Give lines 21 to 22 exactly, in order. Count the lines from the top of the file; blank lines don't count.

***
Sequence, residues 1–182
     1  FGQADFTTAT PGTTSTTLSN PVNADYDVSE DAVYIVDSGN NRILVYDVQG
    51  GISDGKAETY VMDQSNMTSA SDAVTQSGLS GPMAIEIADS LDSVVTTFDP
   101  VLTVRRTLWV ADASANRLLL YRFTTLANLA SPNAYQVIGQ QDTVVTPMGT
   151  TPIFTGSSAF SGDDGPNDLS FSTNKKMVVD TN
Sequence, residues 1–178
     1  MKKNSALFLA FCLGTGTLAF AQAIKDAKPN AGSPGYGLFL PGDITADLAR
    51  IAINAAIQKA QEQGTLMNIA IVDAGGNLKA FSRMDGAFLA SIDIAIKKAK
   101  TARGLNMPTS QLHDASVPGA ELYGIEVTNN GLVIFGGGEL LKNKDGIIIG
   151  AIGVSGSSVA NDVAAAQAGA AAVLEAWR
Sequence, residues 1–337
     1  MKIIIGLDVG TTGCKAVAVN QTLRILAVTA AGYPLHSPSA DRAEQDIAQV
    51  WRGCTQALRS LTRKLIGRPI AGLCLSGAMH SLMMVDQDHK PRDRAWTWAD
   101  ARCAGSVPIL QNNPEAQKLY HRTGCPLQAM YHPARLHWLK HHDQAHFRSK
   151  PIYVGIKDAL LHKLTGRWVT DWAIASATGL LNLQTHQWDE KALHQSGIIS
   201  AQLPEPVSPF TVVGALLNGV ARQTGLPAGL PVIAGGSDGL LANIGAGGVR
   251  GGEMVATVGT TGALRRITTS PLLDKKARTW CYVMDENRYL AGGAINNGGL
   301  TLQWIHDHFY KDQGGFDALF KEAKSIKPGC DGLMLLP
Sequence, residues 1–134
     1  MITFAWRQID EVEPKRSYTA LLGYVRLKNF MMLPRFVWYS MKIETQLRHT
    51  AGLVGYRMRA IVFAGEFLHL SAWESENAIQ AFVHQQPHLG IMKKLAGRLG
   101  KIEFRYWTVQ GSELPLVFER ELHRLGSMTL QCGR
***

    51  AGLVGYRMRA IVFAGEFLHL SAWESENAIQ AFVHQQPHLG IMKKLAGRLG
   101  KIEFRYWTVQ GSELPLVFER ELHRLGSMTL QCGR